Maryrrf is right on to tell you not to count on ticket sales. That's a good way to go bust in a hurry. Three things pay for a festival: program advertising, grant money and vendor booth fees.
Be nice to your vendors, work with them to meet their needs and make them want to come back.
Get onto working for grants and sponsorships NOW -- contact your state Arts Commission and ask for guidance, and hie thee to the library to ask for their books of Foundations. This one is a slow and tedious jump-through-the-hoops job, but the payoffs can be huge. Lots of "how to" stuff on the web and in the library, and a cover letter to most foundations will result in an answer of their requirements for applications.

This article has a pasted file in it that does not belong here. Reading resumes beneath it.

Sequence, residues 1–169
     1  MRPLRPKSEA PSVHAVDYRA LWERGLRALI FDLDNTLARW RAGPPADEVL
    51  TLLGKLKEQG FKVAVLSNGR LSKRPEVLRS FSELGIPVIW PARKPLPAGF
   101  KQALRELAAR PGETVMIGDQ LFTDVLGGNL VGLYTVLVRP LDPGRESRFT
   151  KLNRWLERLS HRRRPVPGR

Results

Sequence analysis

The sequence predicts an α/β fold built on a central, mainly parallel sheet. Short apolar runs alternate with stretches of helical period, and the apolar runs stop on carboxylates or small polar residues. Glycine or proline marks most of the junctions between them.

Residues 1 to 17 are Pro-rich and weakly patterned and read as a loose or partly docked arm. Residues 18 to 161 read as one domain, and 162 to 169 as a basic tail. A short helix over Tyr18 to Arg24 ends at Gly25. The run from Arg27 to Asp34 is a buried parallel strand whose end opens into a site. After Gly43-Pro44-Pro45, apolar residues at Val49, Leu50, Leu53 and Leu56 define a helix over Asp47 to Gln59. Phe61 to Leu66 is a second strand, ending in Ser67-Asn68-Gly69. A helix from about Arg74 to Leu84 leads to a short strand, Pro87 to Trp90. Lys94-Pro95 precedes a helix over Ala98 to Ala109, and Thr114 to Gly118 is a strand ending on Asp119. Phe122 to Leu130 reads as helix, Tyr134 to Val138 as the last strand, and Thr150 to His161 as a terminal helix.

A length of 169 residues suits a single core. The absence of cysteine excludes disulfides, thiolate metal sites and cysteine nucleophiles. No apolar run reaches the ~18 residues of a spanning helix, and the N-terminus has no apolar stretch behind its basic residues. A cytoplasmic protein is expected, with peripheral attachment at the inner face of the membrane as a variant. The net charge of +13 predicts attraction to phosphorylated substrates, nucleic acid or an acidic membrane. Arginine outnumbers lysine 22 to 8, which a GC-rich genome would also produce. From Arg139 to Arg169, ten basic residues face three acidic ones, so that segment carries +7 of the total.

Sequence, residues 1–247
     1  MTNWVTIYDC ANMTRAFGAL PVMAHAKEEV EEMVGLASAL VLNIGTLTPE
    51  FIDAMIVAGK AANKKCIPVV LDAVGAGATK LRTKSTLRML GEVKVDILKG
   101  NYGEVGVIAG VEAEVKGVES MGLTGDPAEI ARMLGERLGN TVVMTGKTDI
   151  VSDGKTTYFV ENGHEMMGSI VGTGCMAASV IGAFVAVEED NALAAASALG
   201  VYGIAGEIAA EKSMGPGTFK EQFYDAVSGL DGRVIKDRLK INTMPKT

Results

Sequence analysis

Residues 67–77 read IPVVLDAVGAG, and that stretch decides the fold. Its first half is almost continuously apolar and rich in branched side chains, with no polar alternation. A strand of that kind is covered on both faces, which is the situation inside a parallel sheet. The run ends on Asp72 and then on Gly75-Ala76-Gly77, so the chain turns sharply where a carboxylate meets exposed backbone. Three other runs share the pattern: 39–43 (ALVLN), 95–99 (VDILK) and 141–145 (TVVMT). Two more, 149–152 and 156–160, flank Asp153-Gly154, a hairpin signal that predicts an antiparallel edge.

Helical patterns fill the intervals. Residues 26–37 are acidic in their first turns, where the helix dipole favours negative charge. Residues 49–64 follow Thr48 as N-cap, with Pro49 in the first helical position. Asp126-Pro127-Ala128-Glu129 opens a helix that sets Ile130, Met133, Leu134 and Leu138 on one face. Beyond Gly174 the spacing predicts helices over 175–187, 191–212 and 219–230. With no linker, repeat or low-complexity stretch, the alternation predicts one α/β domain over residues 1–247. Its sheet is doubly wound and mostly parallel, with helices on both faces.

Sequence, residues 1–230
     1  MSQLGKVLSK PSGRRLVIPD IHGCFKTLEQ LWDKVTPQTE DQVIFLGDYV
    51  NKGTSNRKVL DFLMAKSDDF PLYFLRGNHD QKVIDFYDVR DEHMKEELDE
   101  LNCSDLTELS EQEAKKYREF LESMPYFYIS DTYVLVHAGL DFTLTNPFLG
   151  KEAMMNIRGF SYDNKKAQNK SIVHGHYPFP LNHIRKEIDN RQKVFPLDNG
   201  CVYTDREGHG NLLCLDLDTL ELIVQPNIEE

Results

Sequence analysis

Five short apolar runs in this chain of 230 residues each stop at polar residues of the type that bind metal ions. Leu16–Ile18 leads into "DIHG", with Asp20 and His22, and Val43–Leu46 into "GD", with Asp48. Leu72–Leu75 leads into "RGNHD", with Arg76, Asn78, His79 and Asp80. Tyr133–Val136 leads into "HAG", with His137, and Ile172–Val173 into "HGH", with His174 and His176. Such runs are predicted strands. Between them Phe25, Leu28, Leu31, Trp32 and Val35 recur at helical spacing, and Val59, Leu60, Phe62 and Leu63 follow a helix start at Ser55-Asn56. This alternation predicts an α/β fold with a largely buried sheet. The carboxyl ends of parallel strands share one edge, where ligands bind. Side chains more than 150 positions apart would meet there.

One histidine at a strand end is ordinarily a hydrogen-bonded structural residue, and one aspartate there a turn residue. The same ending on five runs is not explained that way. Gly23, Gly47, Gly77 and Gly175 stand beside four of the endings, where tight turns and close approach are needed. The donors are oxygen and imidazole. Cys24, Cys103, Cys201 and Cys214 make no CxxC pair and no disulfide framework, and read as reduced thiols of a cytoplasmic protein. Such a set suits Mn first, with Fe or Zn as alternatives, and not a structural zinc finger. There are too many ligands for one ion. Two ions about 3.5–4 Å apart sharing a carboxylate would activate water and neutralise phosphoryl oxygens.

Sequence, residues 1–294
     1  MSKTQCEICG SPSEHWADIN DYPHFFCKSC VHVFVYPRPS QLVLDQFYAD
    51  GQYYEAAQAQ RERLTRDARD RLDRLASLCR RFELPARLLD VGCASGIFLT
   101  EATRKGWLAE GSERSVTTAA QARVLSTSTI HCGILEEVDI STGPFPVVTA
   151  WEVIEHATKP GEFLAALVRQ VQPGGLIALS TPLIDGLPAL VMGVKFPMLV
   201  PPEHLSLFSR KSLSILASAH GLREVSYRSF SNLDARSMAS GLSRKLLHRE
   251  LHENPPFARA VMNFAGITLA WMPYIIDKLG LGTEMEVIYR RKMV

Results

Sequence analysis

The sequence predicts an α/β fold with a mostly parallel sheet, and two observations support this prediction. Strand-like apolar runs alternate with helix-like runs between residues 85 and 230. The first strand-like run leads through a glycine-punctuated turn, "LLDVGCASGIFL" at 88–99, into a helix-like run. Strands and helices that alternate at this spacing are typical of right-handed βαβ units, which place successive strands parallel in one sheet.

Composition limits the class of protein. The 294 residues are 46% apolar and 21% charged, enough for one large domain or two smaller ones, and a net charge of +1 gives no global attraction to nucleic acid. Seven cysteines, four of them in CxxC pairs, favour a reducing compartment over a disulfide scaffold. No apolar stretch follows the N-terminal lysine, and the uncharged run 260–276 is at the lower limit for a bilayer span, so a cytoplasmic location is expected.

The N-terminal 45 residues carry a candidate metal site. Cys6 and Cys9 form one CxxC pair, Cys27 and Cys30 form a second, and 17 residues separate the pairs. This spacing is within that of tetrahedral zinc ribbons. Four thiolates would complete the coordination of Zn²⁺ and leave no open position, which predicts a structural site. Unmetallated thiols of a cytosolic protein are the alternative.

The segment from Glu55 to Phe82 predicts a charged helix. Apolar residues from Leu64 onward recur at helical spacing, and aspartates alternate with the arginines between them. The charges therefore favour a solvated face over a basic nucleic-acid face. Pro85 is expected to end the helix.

Set your program advertising as low as you can, to sell more ads -- when you're a big noise, you can raise them a little "to cover rising costs" (which, alas, will be true enough) and see if you have some local organizations, especially with kids in them, who will sell ads for a split on the take. People will buy ads from kids who will turn down adults flat. Dance schools, music schools, etc. always need money for those expensive outfits and accoutrements. I could do a whole book on program ad sales. There's real bucks to be had here, but you have to go about it with an eye for the local "main chance."
PM me, if you like, and I'll give you my e-mail address as soon as I can and will send you info. We're less than two months from our festival here and I'm up to my (blub, blub, blub...)